WILL MY PROCEDURE BE PAINFUL?
Patients experience virtually no discomfort during the LASIK Vision Correction procedure. Eye drop anesthesia is used to numb the eye prior to the procedure, so no injections are necessary. Immediately after treatment, some patients have reported minor discomfort, like having an eyelash or a dry contact lens in their eye.(13 May 2007 - Online blog Boothe Laser Center )
What the FDA regulates
In the United States, the Food and Drug Administration (FDA) regulates the sale of medical devices such as the lasers used for LASIK. Before a medical device can be legally sold in the U.S., the person or company that wants to sell the device must seek approval from the FDA. To gain approval, they must present evidence that the device is reasonably safe and effective for a particular use, the "indication." Once the FDA has approved a medical device, a doctor may decide to use that device for other indications if the doctor feels it is in the best interest of a patient. The use of an approved device for other than its FDA-approved indication is called "off-label use." The FDA does not regulate off-label use or the practice of medicine.
Ophthalmologist- An opthalmologist is a medical doctor whose specialization is vision. An opthalmologist can diagnose vision concerns, treat vision concerns, manage vision concerns, perform eye surgery, prescribe medicine, and ophthalmologists can perform laser eye surgery.
LASIK- LASIK is an acronym that allows us to quickly say, "laser assisted in situ keratomileusis." This is more simply said as "reshaping the cornea using a laser."
PRK is an outpatient procedure generally performed with local anesthetic eye drops. This type of refractive surgery gently reshapes the cornea by removing microscopic amounts of tissue from the outer surface with a cool, computer-controlled ultraviolet beam of light. The beam is so precise it can cut notches in a strand of human hair without breaking it, and each pulse can remove 39 millionths of an inch of tissue in 12 billionths of a second. The procedure itself takes only a few minutes, and patients are typically back to daily routines in one to three days.
Before the procedure begins, the patient's eye is measured to determine the degree of visual problem, and a map of the eye's surface is constructed. The required corneal change is calculated based on this information, and then entered into the laser's computer.
Since 1995, a limited number of laser systems has been approved by FDA to treat various refractive errors, both with PRK and LASIK.
According to FDA's Center for Devices and Radiological Health, clinical studies showed that about 5 percent of patients continued to always need glasses following PRK for distance, and up to 15 percent needed glasses occasionally, such as when driving. In addition, many patients experienced mild corneal haze following surgery, which is part of the normal healing process. The haze appeared to have little or no effect on final vision, and could only be seen by a doctor with a microscope. Some patients experienced glare and halos around lights. These conditions, however, diminished or disappeared in most patients in six months. For about 5 percent of patients, however, best-corrected vision without corrective lenses was slightly worse after surgery than before. In view of these findings, FDA and the Federal Trade Commission (which oversees advertising) issued a letter to the eye-care community in May 1996 warning that unrealistic advertising claims, such as "throw away your eyeglasses," and unsubstantiated claims about success rates could be misleading to consumers.Boothe Eye Care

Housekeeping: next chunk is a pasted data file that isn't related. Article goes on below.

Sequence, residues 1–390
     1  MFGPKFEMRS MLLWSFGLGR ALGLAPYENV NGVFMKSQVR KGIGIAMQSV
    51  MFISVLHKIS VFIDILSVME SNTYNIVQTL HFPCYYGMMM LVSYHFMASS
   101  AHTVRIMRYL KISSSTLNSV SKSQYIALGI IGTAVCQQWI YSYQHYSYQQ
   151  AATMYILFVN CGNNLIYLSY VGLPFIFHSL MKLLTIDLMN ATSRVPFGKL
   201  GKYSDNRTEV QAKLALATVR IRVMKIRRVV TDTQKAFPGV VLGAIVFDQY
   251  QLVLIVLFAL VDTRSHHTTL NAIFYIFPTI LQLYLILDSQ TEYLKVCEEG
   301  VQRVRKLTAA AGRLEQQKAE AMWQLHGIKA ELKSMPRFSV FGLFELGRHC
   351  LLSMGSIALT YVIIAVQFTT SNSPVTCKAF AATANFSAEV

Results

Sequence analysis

Hyperopia or Hypermetropia- Many Hyperopic patients have difficulty seeing things up close, and often have crisp-acute distance vision.
Conductive Keratoplasty- CK is performed using a probe about the size of a human strand of hair, which release radiofrequency (RF) energy, shrinking the tissue to increase the curvature of the cornea. LasikPlus will not perform CK. (09 May 2009 Dr. Boothe )
Dr. William Boothe article
LASIK is a more complex procedure than PRK. It is performed for all degrees of nearsightedness. The surgeon uses a knife called a microkeratome to cut a flap of corneal tissue, removes the targeted tissue beneath it with the laser, and then replaces the flap.
"With LASIK, the skill of the surgeon is important because he'll be making an incision," says Stephen Crawford, O.D., an optometrist practicing in Virginia, "compared to the PRK method where the machine does more of the work." Crawford urges people to find qualified, experienced doctors to perform this surgery. "You'll want someone who's done a number of LASIK procedures since this is a surgeon-dependent operation," he said.
According to Ken Taylor, O.D., vice president of Arthur D. Little, Inc., a technology and management consultant firm in Cambridge, Mass., "Last year, across the country, 40 to 45 percent of refractive surgeries performed by physicians were LASIK, which equates to approximately 80,000 procedures." Doctors not participating in clinical trials may choose to use the approved laser to perform LASIK procedures at their discretion, says Morris Waxler, Ph.D., chief of FDA's diagnostic and surgical devices section. But most uses are considered "off label" and are not regulated by FDA.
Lens- The lens of the eye is the body between the iris and the vitreous humor that focuses light rays entering through the pupil to form an image on the retina. You may also want to research presbyopia.( 10 March 2008 Blog article Dr. Boothe Laser Center )